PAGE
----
The Call of God
Recently a leading seminary educator lamented the fact that so many applicants to a particular educational institution were simply searching for a vocation and few were speaking of any sense of divine calling into the gospel ministry. When, as a young man, I was hearing God’s “call” to my heart for ministry, my pastor, Dr. W. Fred Swank, said to me, “Son, if you can do anything else in life and find joy and contentment, go and do it; for if you can, you have not been called into ministry.”
The Apostle Paul did not see himself as someone who had chosen the ministry as a career change but as a “sent” man (Acts 13:3-4). In Acts 13:2 there are four important elements related to the call of God upon our lives.
I. The call of God is personal
The Holy Spirit said to those believers at Antioch, separate Barnabas and Saul for the particular task He had in mind. There were many others in the church at Antioch but it was only Barnabas and Saul who received God’s call to a specific task. He did not call Lucius or Simeon or Manaen or any of the others named in this church. The call of God is personal. He still calls particular people to particular places for particular purposes.
II. The call of God is purposeful
The Lord said, “Separate” for me Barnabas and Saul. The same Greek word is used in Galatians 1:15 when Paul says, God set me apart from birth and called me from my mother’s womb. God has purpose for each of our lives. We are set apart by Him for that particular purpose which no one can perform quite like we can when we are called and empowered by His spirit.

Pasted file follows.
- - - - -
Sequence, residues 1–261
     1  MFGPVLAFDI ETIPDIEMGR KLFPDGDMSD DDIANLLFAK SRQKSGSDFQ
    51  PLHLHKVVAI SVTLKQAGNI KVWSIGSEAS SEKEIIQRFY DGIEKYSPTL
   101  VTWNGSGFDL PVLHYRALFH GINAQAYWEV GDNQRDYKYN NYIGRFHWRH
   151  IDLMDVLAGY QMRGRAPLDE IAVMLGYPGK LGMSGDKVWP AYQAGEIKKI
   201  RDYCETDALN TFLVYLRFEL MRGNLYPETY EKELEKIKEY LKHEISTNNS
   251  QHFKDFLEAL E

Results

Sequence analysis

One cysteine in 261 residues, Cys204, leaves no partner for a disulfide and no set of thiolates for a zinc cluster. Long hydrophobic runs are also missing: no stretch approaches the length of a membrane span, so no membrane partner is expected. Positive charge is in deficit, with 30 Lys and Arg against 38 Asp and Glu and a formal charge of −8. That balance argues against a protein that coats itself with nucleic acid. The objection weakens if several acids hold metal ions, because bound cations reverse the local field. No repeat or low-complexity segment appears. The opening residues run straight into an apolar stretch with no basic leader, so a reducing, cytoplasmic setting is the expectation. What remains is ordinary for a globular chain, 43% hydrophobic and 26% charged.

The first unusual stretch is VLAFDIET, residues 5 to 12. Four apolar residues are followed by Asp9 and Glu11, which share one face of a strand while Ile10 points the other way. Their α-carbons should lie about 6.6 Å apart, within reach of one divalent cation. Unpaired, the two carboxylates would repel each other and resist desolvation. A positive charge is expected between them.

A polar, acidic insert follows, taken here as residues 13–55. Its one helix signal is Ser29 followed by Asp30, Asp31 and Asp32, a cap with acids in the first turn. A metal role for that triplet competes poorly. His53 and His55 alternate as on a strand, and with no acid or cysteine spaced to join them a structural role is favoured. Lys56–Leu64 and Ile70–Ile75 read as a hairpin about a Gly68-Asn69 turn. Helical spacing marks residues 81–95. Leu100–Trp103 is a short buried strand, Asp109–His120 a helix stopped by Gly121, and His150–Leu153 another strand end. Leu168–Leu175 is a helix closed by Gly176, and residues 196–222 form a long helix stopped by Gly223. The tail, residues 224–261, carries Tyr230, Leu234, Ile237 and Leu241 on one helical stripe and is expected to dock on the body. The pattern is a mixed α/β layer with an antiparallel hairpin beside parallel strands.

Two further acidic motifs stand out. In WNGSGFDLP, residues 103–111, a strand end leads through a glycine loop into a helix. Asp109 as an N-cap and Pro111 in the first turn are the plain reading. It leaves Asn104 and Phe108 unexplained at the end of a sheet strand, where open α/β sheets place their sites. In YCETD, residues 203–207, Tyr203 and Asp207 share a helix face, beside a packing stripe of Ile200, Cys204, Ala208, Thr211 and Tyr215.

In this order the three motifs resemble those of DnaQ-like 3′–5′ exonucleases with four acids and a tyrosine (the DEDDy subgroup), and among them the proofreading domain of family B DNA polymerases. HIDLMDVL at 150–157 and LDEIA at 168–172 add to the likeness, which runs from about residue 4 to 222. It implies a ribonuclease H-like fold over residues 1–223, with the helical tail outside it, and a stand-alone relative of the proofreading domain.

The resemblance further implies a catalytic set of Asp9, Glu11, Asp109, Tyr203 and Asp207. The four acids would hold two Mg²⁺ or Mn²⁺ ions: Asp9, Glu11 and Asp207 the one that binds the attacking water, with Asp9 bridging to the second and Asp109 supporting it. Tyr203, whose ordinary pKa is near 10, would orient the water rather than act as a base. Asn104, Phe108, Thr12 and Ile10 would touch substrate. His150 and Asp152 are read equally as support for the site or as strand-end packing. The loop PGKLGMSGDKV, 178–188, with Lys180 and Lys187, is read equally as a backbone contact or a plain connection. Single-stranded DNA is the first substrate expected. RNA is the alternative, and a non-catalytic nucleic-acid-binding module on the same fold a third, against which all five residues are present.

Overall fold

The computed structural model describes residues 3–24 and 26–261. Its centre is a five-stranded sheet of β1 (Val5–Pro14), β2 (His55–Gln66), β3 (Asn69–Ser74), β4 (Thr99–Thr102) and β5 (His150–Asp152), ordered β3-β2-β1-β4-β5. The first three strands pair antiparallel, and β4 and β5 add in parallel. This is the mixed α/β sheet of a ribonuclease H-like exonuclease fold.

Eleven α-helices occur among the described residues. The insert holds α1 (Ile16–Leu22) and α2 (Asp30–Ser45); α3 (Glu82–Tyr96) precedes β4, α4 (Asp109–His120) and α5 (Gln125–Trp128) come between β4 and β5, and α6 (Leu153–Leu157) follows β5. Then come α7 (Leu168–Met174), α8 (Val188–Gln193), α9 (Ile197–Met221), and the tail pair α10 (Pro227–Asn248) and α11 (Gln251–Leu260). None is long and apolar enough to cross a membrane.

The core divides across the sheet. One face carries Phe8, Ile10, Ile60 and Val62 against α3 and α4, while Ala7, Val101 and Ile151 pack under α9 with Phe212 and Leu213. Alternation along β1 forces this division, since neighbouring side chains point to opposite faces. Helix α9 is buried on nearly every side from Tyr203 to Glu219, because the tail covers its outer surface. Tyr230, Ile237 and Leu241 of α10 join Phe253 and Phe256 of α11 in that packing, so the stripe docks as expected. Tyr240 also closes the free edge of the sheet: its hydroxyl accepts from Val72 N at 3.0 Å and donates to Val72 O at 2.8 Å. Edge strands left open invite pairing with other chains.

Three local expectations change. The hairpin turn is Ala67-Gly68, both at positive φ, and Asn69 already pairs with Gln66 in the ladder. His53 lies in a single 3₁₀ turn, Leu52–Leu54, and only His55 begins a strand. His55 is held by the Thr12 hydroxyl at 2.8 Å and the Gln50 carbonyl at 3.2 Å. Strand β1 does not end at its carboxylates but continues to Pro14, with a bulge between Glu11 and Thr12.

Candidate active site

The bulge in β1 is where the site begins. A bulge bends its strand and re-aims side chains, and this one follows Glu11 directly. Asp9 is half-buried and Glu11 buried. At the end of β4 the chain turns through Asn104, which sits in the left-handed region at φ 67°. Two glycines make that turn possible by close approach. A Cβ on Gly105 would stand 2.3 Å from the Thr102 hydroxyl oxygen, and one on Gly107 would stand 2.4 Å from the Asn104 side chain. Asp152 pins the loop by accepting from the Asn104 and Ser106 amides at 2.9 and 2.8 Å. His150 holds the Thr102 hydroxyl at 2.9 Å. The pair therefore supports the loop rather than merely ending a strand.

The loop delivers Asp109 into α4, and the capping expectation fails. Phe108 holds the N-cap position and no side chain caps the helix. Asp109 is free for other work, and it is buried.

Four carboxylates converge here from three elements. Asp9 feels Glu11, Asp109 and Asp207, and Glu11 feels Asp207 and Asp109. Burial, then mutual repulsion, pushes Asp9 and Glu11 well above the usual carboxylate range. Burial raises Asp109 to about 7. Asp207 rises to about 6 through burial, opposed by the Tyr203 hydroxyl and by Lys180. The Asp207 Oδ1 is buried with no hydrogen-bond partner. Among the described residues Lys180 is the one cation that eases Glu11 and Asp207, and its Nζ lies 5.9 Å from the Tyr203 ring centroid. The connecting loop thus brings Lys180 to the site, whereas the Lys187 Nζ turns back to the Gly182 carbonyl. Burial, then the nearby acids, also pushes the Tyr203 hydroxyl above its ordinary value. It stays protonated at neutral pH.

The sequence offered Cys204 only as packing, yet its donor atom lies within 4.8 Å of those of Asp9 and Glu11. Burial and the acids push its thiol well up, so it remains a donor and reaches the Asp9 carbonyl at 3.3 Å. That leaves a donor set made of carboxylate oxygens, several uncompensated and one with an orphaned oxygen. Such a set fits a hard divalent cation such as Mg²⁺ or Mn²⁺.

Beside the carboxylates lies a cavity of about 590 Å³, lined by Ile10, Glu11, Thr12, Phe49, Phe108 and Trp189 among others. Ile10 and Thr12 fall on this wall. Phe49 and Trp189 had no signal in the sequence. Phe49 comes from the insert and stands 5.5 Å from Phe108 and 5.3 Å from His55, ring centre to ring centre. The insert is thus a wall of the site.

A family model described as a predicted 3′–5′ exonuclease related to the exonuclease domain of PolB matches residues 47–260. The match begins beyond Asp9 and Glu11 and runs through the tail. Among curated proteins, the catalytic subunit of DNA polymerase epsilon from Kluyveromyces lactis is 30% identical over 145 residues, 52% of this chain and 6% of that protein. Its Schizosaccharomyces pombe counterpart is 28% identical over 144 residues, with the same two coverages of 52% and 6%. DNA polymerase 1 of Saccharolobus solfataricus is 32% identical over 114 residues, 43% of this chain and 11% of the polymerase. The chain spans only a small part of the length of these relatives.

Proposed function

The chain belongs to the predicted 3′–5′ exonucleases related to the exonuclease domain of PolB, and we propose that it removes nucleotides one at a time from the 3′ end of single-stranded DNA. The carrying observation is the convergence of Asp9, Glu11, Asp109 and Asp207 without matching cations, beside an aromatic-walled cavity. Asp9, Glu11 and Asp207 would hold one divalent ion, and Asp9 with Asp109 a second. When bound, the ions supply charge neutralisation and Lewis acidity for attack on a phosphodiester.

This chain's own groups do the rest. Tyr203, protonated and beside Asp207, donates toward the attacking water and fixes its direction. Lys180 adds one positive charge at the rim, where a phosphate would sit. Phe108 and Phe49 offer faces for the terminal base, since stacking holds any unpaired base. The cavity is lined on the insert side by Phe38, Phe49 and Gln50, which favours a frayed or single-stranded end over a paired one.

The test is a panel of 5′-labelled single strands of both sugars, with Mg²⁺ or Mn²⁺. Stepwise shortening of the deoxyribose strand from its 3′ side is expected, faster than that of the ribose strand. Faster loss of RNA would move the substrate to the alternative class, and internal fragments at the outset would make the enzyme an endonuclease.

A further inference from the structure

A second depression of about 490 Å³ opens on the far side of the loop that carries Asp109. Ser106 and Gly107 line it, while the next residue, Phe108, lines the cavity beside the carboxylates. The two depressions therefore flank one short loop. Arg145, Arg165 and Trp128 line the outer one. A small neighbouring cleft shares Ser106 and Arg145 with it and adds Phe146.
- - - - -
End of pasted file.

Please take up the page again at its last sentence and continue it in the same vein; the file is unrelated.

III. The call of God is practical
The Holy Spirit said that these two individuals were set apart for the work to which He had called them. Not only did God choose the man, He chose the work the man was to do. The ministry is work. When we are walking in the spirit, we do not wear out the seats of our pants but the soles of our shoes. There is a very practical part to the calling of God.
IV. The call of God is providential
Note. They were set apart for the work to which I have called them. This Greek expression is in the perfect tense indicating that this was something in the mind of God completed in ages past. There is a very real sense in which churches do not “call” the servant of God. Resumes and recommendations do not place us in divinely appointed positions. The call of God is providential.
Some churches today have forgotten that what we are about is supernatural. Some act as if the pastor was to be a “hireling” of the church. The God-called pastor does not work for the church. He has a higher calling. He loves the church and gives himself to her and for her, but he recognizes a higher calling.
Yes, God still calls particular people to particular places for particular purposes. The call of God is personal, purposeful, practical, and providential.